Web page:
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and in most instances wealth and luxury are snares which entrap and consume the spirit of love and service toward the Master. As he said, “How hardly [with what difficulty, and how rarely] shall they that have riches enter the kingdom of God.” (Mark 10:23.) We should remember that luxuries were never guaranteed to us, and if we are parted from them, our only regret should be if the means did not go to forward the truth and honor of our Lord. Our consolation and rest and trust should be in the fact, that “we know that all things work together for good to them that love God, to them who are the called according to his purpose,” and who are striving to make their calling and election to the Kingdom sure.—Rom. 8:28; 2 Pet. 1:10.


But another phase of this subject presents itself. What thought would the Lord have his consecrated ones take for their children? To what extent should they use or appropriate his money, time, etc., to their children?

We answer, that as God’s stewards we are authorized to use our Bible-guided judgments upon this as upon other exercises of our stewardship. We are given a natural special supervision over those whom in God’s providence we have brought into existence. God would have us consider our children and deal with them as under his care; and our influence over them was part of our “all” consecrated to him. He tells us that he would have us “provide” for their necessities which thus come in as part of our own necessities. As with ourselves their clothing should be neat, comfortable and becoming “decent” but not “costly” (1 Tim. 2:9). And though youth need not always be arrayed in somber shades, we should ever remember to use economy both of time and means in this matter as in all others, lest we waste the Lord’s substance and injure our children as well. Children are often injured by overdressing and adornment, making them the subjects of flattery, and cultivating in them a spirit of pride and selfishness, and creating the unchristian class distinctions of society even in childhood. The proper and best provision for our children’s future, is a sensible education which should embrace at least the common school branches, as well as the practical lessons of life, whether trade or housekeeping or business. It is our duty to fit them to do something as well as to know something in life. And what is not learned in early life, is learned in later years, if at all, at great cost to themselves and others.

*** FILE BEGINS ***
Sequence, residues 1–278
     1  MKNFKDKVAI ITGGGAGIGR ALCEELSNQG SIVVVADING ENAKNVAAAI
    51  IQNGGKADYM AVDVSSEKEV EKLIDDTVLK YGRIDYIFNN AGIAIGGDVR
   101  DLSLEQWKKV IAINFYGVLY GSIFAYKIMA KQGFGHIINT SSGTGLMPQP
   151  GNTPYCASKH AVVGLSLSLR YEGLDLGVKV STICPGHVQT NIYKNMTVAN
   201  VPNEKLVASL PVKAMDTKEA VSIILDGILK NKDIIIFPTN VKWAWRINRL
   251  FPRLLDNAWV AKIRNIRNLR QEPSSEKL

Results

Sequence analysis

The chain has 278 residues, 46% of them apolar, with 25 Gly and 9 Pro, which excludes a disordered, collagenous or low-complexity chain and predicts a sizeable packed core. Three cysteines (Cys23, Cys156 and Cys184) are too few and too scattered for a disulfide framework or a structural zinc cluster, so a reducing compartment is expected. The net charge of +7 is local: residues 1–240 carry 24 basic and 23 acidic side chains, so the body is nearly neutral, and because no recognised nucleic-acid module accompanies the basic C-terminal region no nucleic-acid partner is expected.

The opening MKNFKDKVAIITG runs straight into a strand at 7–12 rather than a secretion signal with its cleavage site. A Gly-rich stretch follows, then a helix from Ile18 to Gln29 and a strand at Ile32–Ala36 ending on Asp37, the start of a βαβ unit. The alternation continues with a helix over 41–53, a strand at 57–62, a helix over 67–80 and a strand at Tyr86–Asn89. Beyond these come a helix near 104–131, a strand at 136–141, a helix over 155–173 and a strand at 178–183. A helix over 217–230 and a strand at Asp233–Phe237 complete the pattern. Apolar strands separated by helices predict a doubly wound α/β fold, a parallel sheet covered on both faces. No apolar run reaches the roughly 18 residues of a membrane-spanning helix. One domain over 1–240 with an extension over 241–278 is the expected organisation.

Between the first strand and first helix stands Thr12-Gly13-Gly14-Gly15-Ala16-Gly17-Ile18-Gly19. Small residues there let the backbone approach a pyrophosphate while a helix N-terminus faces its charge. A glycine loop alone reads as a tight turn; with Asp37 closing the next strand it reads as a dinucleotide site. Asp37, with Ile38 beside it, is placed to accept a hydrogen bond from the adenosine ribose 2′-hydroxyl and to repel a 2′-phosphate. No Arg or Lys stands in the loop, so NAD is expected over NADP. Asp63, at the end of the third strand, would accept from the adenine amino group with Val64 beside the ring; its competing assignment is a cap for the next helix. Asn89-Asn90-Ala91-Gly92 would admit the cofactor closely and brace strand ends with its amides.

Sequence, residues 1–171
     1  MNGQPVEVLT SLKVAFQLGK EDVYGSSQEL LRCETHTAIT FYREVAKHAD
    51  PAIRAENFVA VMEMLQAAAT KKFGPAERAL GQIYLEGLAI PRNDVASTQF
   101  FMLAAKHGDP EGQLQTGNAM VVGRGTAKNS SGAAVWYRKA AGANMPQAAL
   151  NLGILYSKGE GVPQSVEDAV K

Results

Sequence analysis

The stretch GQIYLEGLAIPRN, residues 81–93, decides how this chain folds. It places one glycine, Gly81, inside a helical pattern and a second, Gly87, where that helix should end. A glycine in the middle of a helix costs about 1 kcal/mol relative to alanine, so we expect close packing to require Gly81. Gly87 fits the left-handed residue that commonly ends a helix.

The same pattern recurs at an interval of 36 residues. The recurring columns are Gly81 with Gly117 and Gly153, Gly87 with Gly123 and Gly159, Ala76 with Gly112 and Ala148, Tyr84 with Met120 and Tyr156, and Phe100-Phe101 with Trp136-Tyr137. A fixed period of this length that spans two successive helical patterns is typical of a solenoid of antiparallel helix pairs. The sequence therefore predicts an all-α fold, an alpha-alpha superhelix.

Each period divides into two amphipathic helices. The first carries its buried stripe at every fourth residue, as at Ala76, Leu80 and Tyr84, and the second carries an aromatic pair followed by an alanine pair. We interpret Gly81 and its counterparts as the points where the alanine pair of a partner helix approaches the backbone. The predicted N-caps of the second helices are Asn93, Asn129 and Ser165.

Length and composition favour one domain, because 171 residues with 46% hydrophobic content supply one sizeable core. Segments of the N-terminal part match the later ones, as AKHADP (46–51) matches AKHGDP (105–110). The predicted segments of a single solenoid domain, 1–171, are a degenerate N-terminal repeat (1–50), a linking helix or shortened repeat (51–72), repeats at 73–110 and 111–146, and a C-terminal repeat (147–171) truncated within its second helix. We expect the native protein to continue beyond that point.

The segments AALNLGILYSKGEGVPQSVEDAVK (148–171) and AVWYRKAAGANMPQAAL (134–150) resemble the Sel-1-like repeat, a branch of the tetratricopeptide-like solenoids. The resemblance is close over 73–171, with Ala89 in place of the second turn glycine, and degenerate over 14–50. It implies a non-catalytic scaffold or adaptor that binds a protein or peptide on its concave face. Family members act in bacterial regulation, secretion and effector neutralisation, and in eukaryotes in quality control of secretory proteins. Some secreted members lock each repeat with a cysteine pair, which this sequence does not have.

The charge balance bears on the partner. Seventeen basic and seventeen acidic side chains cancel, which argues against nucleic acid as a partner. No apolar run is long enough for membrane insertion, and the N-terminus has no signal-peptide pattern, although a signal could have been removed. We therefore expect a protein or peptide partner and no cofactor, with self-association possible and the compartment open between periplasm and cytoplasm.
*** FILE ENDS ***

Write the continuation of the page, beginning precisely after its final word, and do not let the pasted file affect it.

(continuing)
If our stewardship includes money or property, may we set aside a portion of this for the use of our children in the future by will or otherwise? This is a delicate question to answer for another. To his own Master every steward must make his report of his use of the things committed to his trust. We suggest, however, that in the case of maimed, sickly or young children or aged, infirm, indigent parents, duty and privilege would seem more clearly defined, and aside from very pressing necessities for the money in the Lord’s special spiritual work, the future, as the present of these, might be understood as being part of our responsibility in the Lord’s sight.

Yet, should our cool judgment ever dictate that our trust funds should all be spent in the present, we should not hesitate to trust our dear ones with ourselves, to our Father’s care. The writer’s observation agrees with that of the prophet who said, I have never seen the righteous forsaken nor his seed begging bread. And this must be the comfort also of those whose trusts do not include wealth. We can as fully trust our Father’s care over our helpless little ones, and his provision for them, as for ourselves. Therefore, take not anxious thought for the morrow, worry and sweat not as the world to amass wealth for the future, but give all the surplus of your time and energy over and above that spent in providing things needful, in the accumulating of the heavenly riches, in filling yourself and others with the riches of heavenly favors, that you may abound [be rich] more and more in the knowledge of the Lord, in wisdom and love and joy and peace and in every good word and work. Be careful [worried, harassed and overcharged] for nothing [on no account]: the Lord is present, and whatever may be the present, the future of the faithful is glorious, and of the world blessed.

“His providence is kind and large,
Both man and beast His bounties share;
The whole creation is His charge,
But saints are His peculiar care.”


— August, 1886 —